Poisoning death conviction vacated, man heads back to trial
KENOSHA, Wis. (AP) — A judge has vacated the conviction of a man who is heading back to trial in Kenosha County on charges of killing his wife with antifreeze.
The Wisconsin Supreme Court ruled last month that Mark Jensen deserves a new trial in the 1998 death of his wife Julie Jensen. The high court ruled a letter Jensen’s wife wrote incriminating him in the event something should happen to her cannot be used by the prosecution.
Jensen has maintained his innocence with his attorneys arguing that Julie Jensen was depressed and killed herself after framing her husband.
Kenosha County Circuit Court Judge Chad Kerkman vacated Jensen’s conviction Thursday and reinstated his bond. Jensen appeared virtually from Dodge Correctional Institution in Waupun, the Kenosha News reported.
Jensen was sentenced to life without the possibility of parole in 2008 after a jury convicted him. A series of appeals followed and in 2013 a federal court overturned his conviction and ordered that he be retried or released from prison.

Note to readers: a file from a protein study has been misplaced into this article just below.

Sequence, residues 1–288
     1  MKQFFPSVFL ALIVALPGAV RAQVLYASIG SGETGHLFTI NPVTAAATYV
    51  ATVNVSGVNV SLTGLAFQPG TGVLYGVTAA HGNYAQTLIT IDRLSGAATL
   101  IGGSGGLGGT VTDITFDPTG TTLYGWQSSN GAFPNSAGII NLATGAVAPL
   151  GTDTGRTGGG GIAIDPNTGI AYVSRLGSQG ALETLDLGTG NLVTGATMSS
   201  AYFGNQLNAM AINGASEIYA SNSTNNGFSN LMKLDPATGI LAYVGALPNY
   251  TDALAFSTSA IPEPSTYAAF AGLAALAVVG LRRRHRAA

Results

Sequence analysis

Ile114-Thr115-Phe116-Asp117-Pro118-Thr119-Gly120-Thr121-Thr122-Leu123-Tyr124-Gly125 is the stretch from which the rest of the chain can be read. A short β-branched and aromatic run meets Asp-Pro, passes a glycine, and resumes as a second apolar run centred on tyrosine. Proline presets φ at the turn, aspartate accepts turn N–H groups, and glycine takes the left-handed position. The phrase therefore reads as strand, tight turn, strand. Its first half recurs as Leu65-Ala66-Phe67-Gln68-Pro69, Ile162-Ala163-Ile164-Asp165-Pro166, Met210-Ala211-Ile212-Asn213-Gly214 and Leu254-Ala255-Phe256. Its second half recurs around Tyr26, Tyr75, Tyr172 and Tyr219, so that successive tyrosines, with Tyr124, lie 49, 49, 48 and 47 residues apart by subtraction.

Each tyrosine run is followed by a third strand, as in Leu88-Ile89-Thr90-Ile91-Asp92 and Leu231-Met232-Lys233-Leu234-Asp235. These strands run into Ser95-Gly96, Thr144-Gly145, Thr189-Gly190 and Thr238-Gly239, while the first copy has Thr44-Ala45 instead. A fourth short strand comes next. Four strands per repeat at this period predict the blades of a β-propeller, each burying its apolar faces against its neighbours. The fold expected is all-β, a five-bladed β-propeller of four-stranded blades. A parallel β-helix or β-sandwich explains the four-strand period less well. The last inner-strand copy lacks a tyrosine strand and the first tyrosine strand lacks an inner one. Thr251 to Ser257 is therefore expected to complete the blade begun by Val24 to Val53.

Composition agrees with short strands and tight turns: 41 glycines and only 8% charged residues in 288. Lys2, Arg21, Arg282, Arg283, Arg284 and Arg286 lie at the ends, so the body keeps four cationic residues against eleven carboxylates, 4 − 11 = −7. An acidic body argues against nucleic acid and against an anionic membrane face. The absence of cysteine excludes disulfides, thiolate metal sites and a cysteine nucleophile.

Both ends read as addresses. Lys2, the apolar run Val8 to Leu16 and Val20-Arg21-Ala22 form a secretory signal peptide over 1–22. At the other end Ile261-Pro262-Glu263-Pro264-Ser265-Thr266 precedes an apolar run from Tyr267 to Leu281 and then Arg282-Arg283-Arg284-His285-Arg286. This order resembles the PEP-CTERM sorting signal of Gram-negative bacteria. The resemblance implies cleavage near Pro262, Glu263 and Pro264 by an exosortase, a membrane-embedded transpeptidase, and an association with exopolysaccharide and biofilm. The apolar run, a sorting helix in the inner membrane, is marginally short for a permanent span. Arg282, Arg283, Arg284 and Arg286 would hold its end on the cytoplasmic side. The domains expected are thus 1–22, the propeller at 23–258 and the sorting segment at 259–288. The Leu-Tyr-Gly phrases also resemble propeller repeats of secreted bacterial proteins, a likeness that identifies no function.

When a second prosecution began in 2017, Judge Kerkman ruled the letter should be admitted and reinstated Jensen’s conviction without a trial.
The state Supreme Court ruled in March that Jensen must receive a new trial and that the letter and incriminating statements his wife made cannot be used by prosecutors.
Jensen is scheduled to return to court on May 7 for a bond hearing. He was being held on $1.2 million bond.